“Sax in a Zone” — a poem by Lawrence J. Klumas

November 5th, 2018

painting by Pol Ledent

 

 

Sax in a Zone

 

I saw the nod of the piano-man —
Launched into the written introduction
Of melody & theme weaving practiced notes
Inside and around the bass & percussion’s tempo.
Delightful eight bars — an in-unison quartet
Of Sixties innovation, different time signatures & harmonics.

Oh, to soar. Oh, to float.

There — the prearranged signal, I took off
Eyes closed, climbing away from the background beat,
My thoughts clear, my fingers nimble,
My mouth relaxed, my mind open to the direction
My seeking soul wished me to take,
No longer in the space with the others. My own space,
Creating, new combinations, new heralds of sax ingenuity,
Leaving long remnants of minor scale & harmonics floating behind.

Oh, to soar.  Oh, to float.

Too soon, too soon, called back to the group,
Reluctantly, so reluctantly I came back down
To join the songs’ statement, its finale.
After last note, the sound manager flashed thumbs up.
My four-minute solo captured. The piano-man,
Bassist and drummer held their mouths wide open.

Oh, to soar.  Oh, to float.

 

 

 

_____

 

 

 

Lawrence J. Klumas has written poetry since 1958, and continued writing for his engineering profession — but, most recently re-immersed himself into poetry with a passion.  He has been published in Que sais-je, on-line atJerryJazzMusician, Diocesan Messenger. He contributes a poem weekly to the Fallbrook, CA Episcopal Church newsletter. He has a chapbook submitted for San Diego Book Awards.

He is a retired USAF officer, an engineer, a Viet Nam veteran, and a past Assoc VP Occidental College (Facilities).  He has a BS In Business Administration (with a minor in Literature) from Eastern Nazarene College, and both a BS and MS in Industrial Engineering from Arizona State University.

 

 

Share this:

One comments on ““Sax in a Zone” — a poem by Lawrence J. Klumas”

Comment on this article:

Your email address will not be published. Required fields are marked *

In This Issue

In this issue, 25 noted critics, writers, musicians and artists answer the question, “What are some of your all-time favorite record album covers?”…Also, an interview with Romare Bearden biographer Mary Schmidt Campbell; ”And so we left for Paris” a short story by Sophie Jonas-Hill; two new podcasts by Bob Hecht (one on Paul Desmond, the other on Art Farmer); 18 poets contribute 20 poems to our March poetry collection; new jazz listening recommendations; and lots more…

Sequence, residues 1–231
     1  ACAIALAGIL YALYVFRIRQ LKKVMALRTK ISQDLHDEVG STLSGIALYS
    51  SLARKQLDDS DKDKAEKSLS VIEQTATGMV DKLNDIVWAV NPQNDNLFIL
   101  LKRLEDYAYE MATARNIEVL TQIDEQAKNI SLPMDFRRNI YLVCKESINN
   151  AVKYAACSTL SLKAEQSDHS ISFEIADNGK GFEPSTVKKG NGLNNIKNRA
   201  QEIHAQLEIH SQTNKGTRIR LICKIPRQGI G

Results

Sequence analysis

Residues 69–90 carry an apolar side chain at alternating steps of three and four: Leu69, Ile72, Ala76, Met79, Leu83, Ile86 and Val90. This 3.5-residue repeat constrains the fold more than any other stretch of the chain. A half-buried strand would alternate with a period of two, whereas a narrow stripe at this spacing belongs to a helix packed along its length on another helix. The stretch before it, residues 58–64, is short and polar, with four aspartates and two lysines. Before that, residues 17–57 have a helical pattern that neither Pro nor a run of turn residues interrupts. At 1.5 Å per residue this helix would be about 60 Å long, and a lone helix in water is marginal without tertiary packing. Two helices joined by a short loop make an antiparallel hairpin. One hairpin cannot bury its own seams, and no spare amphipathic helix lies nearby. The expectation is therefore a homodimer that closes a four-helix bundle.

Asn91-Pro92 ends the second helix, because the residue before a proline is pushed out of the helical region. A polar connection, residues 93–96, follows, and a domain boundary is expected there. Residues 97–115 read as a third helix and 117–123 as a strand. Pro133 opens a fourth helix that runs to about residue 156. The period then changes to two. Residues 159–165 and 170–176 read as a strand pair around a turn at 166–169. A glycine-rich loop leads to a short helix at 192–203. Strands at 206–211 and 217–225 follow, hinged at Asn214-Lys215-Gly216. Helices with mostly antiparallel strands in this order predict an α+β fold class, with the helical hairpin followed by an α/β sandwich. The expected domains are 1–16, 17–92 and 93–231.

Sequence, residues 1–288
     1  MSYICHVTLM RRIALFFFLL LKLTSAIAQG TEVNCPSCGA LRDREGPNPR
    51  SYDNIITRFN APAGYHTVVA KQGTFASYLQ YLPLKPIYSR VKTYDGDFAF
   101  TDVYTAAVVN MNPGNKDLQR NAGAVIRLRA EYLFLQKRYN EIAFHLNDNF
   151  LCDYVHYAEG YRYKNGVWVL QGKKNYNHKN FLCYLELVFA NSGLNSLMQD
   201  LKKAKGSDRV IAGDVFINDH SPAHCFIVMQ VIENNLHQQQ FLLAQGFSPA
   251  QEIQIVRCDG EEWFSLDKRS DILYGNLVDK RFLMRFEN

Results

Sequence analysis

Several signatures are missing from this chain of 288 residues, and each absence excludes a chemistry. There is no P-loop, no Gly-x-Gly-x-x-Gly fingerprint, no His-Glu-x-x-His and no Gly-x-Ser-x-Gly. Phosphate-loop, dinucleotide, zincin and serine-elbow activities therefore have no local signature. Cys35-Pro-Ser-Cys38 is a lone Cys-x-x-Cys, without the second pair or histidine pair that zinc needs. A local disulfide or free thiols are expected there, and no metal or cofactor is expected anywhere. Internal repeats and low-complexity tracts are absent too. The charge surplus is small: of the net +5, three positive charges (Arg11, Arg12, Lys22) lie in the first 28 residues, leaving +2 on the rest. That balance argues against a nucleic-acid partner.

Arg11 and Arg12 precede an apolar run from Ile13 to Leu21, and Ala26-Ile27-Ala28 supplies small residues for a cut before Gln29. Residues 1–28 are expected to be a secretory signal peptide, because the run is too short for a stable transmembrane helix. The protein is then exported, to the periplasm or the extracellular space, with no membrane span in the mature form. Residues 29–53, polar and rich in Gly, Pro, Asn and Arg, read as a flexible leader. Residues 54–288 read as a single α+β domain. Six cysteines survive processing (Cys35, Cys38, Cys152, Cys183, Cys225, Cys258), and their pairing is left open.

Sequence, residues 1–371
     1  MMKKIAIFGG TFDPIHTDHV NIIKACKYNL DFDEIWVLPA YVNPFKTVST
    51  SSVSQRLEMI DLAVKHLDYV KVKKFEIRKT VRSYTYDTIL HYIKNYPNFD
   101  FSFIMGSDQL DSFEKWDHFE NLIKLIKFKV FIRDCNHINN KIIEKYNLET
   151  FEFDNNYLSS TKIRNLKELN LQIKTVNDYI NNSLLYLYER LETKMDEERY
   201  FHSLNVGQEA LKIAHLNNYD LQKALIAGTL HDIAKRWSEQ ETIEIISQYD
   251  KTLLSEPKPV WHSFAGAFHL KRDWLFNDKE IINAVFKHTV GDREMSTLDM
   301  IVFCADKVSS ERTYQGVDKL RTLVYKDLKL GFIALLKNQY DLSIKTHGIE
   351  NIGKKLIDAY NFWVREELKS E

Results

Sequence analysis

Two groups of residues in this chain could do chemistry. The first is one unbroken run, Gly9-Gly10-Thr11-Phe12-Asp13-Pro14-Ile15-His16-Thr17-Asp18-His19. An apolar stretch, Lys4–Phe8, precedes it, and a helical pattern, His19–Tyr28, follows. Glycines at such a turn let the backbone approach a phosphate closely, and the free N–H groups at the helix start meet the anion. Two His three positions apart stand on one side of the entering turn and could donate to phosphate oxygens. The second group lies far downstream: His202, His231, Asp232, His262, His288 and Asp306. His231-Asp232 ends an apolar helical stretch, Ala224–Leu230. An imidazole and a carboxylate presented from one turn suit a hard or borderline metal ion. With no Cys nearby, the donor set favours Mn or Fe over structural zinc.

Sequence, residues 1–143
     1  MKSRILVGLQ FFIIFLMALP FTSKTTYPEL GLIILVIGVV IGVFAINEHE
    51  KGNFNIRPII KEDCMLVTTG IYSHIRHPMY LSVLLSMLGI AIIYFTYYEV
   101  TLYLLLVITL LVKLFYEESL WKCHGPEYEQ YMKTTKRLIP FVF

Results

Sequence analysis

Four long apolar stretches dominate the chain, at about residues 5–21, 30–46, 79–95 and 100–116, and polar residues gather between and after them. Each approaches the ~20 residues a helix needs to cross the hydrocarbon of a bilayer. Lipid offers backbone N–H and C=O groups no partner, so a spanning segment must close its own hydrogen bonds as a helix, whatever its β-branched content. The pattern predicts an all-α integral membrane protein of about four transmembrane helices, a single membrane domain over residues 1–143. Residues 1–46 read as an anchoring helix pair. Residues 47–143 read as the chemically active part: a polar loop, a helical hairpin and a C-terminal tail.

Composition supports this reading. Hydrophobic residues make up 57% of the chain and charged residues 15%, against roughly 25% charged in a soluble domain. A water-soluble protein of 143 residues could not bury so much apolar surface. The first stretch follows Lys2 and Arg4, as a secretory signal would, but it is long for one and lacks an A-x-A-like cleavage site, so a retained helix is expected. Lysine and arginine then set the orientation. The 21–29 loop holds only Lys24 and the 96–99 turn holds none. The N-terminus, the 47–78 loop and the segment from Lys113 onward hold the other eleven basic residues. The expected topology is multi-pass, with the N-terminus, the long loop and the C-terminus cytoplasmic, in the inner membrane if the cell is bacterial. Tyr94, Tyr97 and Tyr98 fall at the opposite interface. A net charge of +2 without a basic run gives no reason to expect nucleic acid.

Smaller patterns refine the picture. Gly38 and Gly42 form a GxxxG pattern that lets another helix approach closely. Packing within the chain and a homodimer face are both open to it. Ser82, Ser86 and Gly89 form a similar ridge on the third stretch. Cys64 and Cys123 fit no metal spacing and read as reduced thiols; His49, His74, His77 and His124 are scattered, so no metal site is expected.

“What are some of your all-time favorite record album covers?”

Gary Giddins, Jimmy Heath, Fred Hersch, Joe Hagan, Maxine Gordon, Neil Tesser, Tim Page, Veronica Swift and Marcus Strickland are among the 25 writers, musicians, poets, educators, and photographers who write about their favorite album cover art

Short Fiction

"And so we went to Paris," a short story by Sophie Jonas-Hill

Poetry

Eighteen poets contribute 20 poems in the March collection

Interviews

Romare Bearden biographer Mary Schmidt Campbell discusses the life of the important 20th century American artist

The Joys of Jazz

Two new podcasts from Bob Hecht -- on Paul Desmond, and Art Farmer

Poetry

“King Louis en le toilette” — a poem (and collage) by Steven Dalachinsky

On the Turntable

Recommended listening…Check out these 18 recently released jazz recordings by Branford Marsalis, Anna Maria Jopek, Ralph Alessi, Larry Grenadier, Jon Cowherd, Stephane Galland, Mathias Eick and the Jimbo Tribe

Art

“Thinking about Robert Johnson” — a photo narrative by Charles Ingham

Great Encounters #54

In this edition, Joe Hagan, author of STICKY FINGERS: .The Life and Times of Jann Wenner and Rolling Stone Magazine, writes about how co-founders Wenner and legendary San Francisco music critic Ralph Gleason came upon the name for their revolutionary publication, Rolling Stone magazine.

Cover Stories with Paul Morris

In this edition, Paul writes about jazz album covers that offer glimpses into intriguing corners of the culture of the 1950’s

Coming Soon

An interview with Maxine Gordon, author of Sophisticated Giant: The Life and Legacy of Dexter Gordon

In the previous issue

The February, 2019 issue features an interview with Thomas Brothers, author of Help! The Beatles, Duke Ellington, and the Magic of Collaboration…Also, previous winners of the Jerry Jazz Musician Short Fiction Contest reflect on their winning story; two new podcasts from Bob Hecht; a new collection of poetry; recommendations of recently release jazz recordings, and lots more…

Contributing writers

Site Archive